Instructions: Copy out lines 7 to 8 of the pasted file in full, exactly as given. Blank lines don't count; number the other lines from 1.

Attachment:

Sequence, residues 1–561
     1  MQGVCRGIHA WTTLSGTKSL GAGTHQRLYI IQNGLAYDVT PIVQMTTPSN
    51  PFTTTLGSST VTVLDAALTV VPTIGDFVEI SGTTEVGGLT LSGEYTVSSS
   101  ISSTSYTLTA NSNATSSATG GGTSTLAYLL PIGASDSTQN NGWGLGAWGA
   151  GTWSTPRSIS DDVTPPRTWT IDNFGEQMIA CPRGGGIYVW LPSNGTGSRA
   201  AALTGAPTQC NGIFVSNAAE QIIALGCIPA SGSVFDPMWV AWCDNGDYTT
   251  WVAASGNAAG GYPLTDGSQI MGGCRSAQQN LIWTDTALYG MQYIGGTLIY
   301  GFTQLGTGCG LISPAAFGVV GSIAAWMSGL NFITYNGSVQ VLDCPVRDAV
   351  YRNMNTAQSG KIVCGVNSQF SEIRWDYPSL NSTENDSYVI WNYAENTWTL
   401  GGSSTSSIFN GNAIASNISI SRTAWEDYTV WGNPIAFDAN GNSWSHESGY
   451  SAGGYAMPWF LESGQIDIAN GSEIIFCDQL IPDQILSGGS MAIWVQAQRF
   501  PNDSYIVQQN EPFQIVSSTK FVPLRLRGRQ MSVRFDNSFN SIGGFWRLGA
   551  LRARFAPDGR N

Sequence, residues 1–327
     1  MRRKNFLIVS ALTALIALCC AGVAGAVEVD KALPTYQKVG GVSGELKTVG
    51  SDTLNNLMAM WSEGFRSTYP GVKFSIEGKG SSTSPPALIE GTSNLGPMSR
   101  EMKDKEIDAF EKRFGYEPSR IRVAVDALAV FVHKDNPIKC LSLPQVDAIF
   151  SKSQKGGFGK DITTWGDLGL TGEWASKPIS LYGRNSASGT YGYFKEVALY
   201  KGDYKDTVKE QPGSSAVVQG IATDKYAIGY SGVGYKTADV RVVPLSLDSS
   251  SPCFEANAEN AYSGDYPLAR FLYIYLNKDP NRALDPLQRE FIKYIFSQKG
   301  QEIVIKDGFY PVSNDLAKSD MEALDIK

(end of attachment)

   251  WVAASGNAAG GYPLTDGSQI MGGCRSAQQN LIWTDTALYG MQYIGGTLIY
   301  GFTQLGTGCG LISPAAFGVV GSIAAWMSGL NFITYNGSVQ VLDCPVRDAV